English Professor and STC Alum Reflects on Hard Times and Redemption, Work and Inspiration
From the dangerous streets in the Midwest to the Texas ranchlands, South Texas College English professor and Department Chair Daniel Mendoza says he has always connected with authors who wrote fearlessly about working-class struggles but conveyed beautiful ideas in the process.
Growing up under difficult circumstances, South Texas College English professor and Department Chair Daniel Mendoza said he shared the opinions of many in his social circle who feared they could never rise above their class, much less teach at a college one day.
After all, most college professors came from families who had parents who went to college, Mendoza said of his thinking at the time.
As a child in northwest Indiana, right on the border of Hammond and Gary, Mendoza said he was exposed at a young age to gang violence and drug abuse. In the 90s, Gary was dubbed the “murder capital” of the United States, and Mendoza said he and his siblings were caught in the middle of the drug warfare.
Among the youngest of 10 children, Mendoza said he witnessed friends and family succumb to the violence and drugs in the region until out of necessity, his father made the choice to relocate the family to Hebbronville in the ranchlands of South Texas.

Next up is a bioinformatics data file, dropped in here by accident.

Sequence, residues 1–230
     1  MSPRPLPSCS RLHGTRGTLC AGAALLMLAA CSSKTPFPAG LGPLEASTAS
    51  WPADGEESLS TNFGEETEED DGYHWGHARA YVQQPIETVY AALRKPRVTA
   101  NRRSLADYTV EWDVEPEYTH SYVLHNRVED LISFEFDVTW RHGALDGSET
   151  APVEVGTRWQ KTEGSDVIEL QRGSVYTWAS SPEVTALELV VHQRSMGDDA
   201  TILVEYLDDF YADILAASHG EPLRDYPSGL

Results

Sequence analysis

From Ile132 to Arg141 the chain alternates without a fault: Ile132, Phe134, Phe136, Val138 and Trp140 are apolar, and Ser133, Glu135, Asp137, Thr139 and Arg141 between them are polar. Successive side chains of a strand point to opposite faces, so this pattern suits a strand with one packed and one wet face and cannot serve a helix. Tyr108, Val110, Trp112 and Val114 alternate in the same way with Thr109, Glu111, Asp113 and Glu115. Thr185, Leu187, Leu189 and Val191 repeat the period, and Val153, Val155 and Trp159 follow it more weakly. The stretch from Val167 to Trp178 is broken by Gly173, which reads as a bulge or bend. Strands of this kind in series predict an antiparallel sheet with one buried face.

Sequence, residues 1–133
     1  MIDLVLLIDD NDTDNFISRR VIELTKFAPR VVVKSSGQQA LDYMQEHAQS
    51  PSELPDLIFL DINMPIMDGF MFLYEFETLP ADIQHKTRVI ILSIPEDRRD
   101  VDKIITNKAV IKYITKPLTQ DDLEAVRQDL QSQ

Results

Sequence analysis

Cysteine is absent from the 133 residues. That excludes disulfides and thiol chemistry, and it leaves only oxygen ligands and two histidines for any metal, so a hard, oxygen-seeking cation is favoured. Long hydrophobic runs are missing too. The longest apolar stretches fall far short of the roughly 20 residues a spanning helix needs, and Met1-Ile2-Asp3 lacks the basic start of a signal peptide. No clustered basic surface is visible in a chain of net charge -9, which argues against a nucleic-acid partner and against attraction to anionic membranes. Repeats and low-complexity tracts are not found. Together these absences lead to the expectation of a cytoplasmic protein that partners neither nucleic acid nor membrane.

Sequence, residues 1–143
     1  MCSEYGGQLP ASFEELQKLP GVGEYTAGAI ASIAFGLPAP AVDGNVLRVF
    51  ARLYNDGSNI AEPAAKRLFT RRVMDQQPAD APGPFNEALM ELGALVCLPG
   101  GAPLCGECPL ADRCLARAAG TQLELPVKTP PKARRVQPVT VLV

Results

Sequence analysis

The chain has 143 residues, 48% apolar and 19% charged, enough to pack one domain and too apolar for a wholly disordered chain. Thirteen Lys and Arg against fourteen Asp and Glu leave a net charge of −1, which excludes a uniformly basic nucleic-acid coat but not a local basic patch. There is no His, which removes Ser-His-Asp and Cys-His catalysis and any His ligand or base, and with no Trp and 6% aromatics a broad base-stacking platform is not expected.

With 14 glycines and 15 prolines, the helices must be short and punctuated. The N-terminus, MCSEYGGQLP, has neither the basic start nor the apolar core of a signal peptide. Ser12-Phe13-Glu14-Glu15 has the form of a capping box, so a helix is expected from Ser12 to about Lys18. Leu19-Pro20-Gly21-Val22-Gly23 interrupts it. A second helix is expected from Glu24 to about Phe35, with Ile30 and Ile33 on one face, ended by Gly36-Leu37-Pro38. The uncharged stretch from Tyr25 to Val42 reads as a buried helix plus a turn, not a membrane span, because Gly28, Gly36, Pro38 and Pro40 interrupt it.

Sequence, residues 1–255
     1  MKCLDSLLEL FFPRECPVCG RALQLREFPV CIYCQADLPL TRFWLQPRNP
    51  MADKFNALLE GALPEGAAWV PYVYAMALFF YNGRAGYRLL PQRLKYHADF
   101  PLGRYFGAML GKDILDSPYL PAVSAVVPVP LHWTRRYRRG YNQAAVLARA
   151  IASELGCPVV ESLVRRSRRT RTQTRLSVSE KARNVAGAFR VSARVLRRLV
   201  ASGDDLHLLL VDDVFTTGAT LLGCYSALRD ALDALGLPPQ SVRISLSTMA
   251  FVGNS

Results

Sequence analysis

“We moved there (Hebbronville) because that was my dad’s home. That's where he grew up. And I think he figured he could at least get us out of the violence and crime in Indiana,” Mendoza said. “It was still pretty hard growing up in Hebbronville because we faced a whole different set of challenges. While there wasn't gang violence, it was a small ranching town and education wasn't really much of a priority.”
Left to raise Daniel and his two sisters on his own, Mendoza said his father worked in tough labor jobs before saving enough money to open a small automotive shop where he repaired tires and performed light engine work. When Mendoza came of age, he would assist his father after school at the shop by changing tires and rebuilding carburetors.
It was the start of many fairly menial jobs that Mendoza said he undertook to help the family.
“These were jobs I had to help support the family, but my dad would always push me to realize that there was a world outside of Hebbronville, and a world outside of work,” Mendoza said.
One job in particular became a turning point and offered a glimpse into his future career as an educator, he said. One day while working at a roadhouse-style restaurant called “Frank’s Cafe” the owner known to many of the locals as “Big Bob” Gutierrez presented him with John Steinbeck’s Cannery Row set in the Great Depression.
“I’m sure I was like many students who, when they first thought about poetry or literature and Shakespeare and other great authors, felt like they were mostly talking about the upper class and things far removed from everyday working people. But when you begin to look into somebody like Steinbeck or Zola you begin to see that there were in fact writers who didn’t shy away from telling what the working class went through every day, and in writing and thinking about those things found beautiful ideas.”
“You know, I had never really read a book before, but he (Gutierrez) gave me this book and he would just talk to me about it,” Mendoza said. “It was strange because in high school I guess teachers already assumed I was going to work on a ranch or do some kind of manual labor. But when I would go to Frank’s Cafe and talk with Bob about books and life, I guess he was really trying to inspire me and encourage me.”